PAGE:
MD: How does an average Bible reader adopt this interpretive perspective?

JH: The most important thing anyone should do in trying to become a biblical theologian is simply read the Bible a lot. Constantly immerse yourself in the Scriptures. And as you do this, if you read the Bible from a believing perspective, the assumptions the biblical authors make will begin to become your assumptions. And, if you’re reading it prayerfully, submissively, humbly and asking the Lord to renew your mind, you’ll begin to look at the world the way the biblical authors do. It will happen instinctively, even in situations where you might not expect it to.

For instance, when I lived in Houston, our next-door neighbors went to Lakewood Church, where Joel Osteen is the pastor. My next-door neighbor was a Christian, and he said to me one day, seeming like he had come to a profound conclusion, “You know, the Bible has good news, but there’s bad news in there, too.” He felt the need to articulate that because the Spirit had worked in his heart and because he was approaching the Scriptures humbly and submissively. Even though only one side of it was being emphasized where he went to church, he was able to see there’s more to this story than what he was being told. So, I say just read the Bible.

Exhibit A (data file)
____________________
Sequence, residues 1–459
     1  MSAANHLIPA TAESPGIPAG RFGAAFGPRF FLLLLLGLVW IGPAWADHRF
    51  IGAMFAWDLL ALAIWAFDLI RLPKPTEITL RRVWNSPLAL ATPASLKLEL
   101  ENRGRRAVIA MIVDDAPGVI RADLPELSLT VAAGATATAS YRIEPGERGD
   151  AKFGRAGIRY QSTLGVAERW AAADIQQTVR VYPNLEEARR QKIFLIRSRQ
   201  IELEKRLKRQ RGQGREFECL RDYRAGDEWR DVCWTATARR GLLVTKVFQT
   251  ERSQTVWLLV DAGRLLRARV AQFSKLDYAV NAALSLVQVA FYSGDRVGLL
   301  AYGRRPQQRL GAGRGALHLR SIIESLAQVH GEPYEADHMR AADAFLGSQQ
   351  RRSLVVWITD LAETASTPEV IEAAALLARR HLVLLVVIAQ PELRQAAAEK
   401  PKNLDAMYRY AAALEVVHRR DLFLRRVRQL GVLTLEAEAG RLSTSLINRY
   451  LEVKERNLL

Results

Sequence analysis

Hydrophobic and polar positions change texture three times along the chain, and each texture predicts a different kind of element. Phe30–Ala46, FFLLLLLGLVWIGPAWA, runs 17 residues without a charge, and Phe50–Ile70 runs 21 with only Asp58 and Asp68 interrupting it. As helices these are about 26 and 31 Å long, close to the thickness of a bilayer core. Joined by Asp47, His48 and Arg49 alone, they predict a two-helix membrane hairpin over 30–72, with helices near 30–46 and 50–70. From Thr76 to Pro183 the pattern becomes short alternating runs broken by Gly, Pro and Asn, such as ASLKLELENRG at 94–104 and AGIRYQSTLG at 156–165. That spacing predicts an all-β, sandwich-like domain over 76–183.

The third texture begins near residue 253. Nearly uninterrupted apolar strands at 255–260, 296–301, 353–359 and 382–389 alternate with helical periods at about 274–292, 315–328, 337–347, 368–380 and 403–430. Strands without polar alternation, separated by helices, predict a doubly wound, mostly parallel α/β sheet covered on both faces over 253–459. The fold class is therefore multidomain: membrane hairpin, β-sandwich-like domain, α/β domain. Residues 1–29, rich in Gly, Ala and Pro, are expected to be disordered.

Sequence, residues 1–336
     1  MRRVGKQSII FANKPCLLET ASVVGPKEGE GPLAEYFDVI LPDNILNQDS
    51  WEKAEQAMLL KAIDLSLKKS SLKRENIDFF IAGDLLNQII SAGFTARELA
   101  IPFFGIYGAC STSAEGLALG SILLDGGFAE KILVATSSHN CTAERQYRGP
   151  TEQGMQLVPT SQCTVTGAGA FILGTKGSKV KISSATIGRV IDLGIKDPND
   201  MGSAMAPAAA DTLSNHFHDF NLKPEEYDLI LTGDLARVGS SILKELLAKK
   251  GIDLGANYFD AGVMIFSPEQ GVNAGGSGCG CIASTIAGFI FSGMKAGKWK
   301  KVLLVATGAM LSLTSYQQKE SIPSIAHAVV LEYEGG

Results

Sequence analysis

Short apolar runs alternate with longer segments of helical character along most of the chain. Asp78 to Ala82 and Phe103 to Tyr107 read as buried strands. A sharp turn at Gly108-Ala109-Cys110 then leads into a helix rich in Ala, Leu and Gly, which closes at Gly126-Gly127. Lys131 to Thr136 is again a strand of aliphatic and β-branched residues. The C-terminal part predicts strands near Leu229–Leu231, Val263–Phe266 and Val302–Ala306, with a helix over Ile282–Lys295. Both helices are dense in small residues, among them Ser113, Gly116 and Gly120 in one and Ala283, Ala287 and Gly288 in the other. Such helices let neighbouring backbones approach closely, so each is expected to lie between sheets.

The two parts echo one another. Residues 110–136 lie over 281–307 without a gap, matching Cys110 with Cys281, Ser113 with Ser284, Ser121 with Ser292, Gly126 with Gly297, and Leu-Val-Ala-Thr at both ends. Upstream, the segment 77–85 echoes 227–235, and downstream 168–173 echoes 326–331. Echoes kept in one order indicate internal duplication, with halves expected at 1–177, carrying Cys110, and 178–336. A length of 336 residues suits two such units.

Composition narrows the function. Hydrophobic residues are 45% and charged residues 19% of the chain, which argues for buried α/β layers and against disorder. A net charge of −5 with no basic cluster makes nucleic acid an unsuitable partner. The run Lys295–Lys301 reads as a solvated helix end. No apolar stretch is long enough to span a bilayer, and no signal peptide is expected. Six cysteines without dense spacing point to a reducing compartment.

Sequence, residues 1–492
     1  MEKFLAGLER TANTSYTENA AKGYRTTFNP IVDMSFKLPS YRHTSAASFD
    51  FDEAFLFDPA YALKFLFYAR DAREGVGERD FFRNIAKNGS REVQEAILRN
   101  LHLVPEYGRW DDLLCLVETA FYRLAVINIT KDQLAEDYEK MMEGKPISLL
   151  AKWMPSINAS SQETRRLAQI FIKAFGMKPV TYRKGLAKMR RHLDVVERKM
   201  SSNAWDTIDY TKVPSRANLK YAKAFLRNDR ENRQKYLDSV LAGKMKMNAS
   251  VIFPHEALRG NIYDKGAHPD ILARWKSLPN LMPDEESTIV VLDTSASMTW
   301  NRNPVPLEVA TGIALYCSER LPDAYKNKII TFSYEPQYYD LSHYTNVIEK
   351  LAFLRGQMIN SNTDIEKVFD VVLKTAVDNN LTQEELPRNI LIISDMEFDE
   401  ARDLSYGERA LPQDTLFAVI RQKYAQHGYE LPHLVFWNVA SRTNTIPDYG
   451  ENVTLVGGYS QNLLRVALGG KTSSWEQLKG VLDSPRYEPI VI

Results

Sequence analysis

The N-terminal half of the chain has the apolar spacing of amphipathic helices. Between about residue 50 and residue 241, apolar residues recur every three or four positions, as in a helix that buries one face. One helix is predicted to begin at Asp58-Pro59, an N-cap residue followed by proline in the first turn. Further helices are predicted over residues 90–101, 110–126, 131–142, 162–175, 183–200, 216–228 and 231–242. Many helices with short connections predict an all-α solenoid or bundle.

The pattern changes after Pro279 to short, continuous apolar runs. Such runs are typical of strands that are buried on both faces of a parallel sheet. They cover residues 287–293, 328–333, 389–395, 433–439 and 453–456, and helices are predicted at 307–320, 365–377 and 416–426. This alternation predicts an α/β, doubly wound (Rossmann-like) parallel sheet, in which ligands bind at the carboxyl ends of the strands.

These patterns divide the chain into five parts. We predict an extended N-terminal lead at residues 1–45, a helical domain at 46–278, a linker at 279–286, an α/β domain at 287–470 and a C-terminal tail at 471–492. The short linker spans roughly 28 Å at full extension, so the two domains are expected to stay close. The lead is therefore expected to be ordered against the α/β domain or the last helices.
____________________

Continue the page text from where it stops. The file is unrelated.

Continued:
MD: How has your background as an English major influenced how you read and
interpret Scripture?